Disabled spark new life in old tech

Disabled people at the Cape Town Association of the Physically Disabled in Bridgetown are being trained on how to dismantle, repair, and refurbish electronic waste.

Old appliances and gadgets are being saved from electronic junk heaps by disabled people at the Cape Town Association of the Physically Disabled in Bridgetown who are learning how to dismantle, repair, and refurbish them.

According to Ashley du Plooy, CEO of the E-waste Recycling Authority (ERA), more than 12 500 people globally participated in the International E-waste Day campaign on the weekend of October 14 and 15, when over 130 tons of electronic waste, or e-waste, were collected, including old cellphones, refrigerators, printers, fans and heaters for repair, re-use, or recycling through the non-profit company’s networks and infrastructure.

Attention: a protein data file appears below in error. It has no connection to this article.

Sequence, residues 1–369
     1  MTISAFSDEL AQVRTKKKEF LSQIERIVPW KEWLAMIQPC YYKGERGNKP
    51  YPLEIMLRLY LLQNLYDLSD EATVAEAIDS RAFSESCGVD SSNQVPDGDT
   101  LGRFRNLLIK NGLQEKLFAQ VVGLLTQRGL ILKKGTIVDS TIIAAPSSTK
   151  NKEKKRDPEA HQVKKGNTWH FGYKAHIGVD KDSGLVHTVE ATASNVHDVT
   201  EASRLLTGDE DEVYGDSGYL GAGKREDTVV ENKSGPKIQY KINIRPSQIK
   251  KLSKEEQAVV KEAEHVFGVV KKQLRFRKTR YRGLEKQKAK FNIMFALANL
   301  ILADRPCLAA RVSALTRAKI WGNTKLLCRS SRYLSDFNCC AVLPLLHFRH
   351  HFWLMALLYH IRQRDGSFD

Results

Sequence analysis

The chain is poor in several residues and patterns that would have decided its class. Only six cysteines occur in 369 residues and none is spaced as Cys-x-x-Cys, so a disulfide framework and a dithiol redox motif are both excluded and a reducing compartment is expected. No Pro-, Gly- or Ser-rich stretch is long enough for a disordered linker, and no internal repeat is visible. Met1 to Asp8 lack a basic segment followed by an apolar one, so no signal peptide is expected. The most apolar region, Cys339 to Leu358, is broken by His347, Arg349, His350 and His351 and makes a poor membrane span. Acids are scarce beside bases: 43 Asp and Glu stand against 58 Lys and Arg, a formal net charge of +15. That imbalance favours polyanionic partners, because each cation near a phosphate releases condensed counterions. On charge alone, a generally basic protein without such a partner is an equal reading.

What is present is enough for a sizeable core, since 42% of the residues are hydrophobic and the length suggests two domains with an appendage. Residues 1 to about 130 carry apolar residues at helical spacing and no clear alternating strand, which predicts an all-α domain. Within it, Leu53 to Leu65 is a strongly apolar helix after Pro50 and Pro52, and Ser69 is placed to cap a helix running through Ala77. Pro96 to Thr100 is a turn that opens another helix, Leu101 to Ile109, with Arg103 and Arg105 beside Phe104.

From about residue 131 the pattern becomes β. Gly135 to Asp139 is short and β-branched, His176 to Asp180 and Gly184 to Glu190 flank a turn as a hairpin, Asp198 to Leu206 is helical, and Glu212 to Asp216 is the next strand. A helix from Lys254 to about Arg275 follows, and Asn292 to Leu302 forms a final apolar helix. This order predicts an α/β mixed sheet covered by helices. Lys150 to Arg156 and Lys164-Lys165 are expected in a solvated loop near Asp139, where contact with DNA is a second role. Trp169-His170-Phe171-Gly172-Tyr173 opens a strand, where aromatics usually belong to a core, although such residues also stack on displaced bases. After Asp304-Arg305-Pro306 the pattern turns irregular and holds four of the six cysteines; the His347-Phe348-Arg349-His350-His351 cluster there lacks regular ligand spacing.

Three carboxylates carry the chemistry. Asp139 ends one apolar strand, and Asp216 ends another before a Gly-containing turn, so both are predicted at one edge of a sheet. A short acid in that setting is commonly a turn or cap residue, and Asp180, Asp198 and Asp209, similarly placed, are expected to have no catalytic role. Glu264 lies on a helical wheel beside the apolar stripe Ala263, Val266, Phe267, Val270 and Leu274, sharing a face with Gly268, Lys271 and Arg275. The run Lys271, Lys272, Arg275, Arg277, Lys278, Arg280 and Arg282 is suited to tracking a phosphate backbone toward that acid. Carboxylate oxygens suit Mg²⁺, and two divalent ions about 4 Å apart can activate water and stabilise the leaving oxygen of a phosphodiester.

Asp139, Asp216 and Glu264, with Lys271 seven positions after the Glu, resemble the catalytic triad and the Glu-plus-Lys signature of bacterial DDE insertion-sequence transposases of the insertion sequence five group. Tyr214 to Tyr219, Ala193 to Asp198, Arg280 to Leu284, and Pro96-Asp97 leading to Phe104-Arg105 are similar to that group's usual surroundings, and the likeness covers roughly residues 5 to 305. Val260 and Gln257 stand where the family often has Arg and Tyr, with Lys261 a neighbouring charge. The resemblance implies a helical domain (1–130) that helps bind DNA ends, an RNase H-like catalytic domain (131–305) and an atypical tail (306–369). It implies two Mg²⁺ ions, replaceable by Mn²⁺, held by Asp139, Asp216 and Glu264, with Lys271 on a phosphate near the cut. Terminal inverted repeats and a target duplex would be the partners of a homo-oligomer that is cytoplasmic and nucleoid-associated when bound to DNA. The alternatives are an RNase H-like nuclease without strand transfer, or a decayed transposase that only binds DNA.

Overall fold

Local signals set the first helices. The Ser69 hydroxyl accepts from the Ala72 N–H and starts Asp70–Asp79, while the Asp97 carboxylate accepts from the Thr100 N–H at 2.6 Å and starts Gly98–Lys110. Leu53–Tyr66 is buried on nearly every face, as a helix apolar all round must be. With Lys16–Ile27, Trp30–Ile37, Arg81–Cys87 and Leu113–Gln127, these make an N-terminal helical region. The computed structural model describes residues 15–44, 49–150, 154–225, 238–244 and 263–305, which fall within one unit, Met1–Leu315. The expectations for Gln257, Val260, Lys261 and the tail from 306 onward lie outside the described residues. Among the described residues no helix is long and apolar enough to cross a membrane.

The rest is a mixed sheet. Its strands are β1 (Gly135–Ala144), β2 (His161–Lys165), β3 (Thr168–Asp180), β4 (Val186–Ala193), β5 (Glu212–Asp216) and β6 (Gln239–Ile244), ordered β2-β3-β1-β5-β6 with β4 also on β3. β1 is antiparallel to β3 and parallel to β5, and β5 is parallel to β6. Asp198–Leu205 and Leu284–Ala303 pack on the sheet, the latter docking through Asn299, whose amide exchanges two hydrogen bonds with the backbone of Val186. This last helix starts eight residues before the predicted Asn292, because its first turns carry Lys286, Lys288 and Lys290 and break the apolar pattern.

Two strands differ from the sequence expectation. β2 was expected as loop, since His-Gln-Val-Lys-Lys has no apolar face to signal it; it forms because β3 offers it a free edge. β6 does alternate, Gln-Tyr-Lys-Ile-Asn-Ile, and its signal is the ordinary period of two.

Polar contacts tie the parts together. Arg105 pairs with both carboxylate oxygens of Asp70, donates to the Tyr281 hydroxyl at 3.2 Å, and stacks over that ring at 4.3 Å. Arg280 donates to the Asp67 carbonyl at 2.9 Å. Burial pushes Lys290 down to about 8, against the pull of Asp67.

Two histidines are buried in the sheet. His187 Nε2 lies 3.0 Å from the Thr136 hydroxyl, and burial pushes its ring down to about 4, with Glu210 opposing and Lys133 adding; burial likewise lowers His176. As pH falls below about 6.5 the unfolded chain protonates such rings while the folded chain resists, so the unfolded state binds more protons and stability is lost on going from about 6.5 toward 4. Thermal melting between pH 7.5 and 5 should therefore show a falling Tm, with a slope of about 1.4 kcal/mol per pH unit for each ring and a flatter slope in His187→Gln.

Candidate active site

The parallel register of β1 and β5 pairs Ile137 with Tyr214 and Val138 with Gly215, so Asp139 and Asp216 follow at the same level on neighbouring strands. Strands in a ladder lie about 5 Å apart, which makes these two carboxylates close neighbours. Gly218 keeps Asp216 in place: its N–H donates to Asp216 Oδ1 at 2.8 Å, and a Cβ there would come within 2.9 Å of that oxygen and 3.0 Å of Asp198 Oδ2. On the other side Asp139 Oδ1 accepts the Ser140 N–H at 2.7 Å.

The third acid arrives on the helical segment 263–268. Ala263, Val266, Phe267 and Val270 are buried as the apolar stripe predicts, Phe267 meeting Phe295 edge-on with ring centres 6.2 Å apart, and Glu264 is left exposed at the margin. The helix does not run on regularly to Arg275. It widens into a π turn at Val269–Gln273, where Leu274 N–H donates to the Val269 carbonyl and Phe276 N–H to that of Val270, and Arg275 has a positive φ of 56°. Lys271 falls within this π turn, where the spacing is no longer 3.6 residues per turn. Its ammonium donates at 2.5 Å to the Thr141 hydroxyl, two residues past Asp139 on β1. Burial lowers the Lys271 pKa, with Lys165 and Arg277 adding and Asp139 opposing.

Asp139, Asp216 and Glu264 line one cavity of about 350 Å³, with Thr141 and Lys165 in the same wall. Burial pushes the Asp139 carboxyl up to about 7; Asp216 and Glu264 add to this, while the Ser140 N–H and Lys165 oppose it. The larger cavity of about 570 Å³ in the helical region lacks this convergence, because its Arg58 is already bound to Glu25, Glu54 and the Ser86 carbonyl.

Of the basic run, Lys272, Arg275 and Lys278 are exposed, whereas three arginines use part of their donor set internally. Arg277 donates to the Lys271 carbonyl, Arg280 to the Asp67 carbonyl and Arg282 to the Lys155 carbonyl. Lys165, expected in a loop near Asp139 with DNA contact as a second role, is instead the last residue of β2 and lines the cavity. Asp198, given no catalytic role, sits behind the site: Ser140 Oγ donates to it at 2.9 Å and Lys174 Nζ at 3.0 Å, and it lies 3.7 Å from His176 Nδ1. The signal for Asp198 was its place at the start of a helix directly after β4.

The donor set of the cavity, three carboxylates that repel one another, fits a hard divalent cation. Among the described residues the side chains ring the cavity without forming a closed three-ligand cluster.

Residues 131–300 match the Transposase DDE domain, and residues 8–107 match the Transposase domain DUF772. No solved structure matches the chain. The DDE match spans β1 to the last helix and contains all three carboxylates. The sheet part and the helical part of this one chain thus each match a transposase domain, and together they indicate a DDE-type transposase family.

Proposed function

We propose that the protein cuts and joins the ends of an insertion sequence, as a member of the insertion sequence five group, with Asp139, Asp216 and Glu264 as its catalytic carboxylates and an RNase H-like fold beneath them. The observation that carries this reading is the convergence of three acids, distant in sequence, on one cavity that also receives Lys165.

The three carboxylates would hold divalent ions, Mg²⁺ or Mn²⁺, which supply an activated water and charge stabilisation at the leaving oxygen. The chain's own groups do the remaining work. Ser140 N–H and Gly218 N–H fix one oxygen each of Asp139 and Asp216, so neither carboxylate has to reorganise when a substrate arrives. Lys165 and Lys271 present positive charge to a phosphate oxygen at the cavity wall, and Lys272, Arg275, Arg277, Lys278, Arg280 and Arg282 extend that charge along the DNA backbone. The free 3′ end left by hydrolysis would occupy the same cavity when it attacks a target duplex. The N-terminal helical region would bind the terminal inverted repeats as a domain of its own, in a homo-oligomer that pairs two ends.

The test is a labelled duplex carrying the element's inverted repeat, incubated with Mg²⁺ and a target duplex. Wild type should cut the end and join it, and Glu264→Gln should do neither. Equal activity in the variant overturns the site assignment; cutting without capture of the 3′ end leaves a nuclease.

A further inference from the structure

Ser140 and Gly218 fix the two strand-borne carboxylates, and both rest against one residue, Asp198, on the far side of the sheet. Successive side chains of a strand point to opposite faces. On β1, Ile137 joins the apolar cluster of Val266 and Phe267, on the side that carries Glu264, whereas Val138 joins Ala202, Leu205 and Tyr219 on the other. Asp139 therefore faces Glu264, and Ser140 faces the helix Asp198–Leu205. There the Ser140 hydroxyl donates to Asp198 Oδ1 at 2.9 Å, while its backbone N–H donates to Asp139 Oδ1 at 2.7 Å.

International E-waste Day takes place on October 14, every year and was first introduced in 2018 by the Waste from Electrical and Electronic Equipment Forum to make consumers aware of the need for e-waste recycling.

ERA is running a pilot programme at the Cape Town Association of the Physically Disabled in Bridgetown to train 30 people to dismantle, repair and refurbish electronic waste.

The trainees get a monthly stipend and there are plans for an intake of 30 more next year, according to Mr Du Plooy.

“It really shows how much electronic waste there is piling up in people’s homes,” he said, adding: “Something like this requires support to get started and to become a sustainable enterprise.”

One of the trainees, Faneezwa Kapa, who uses a wheelchair, said the programme gave her something beneficial to do.

“Before this programme, I was not doing anything; I was staying home. I’m now learning a lot of things that I never knew before.”

Another trainee, Wayne Jansen, 57, said: “A lot of companies don’t want to invest in people like me because of your age and because you are disabled. Here we’ve learnt that an appliance that is broken doesn’t necessarily mean that it’s broken – it can be fixed. So what we are learning to do here is to dismantle it, fix it again and it can give us more years’ shelf life.”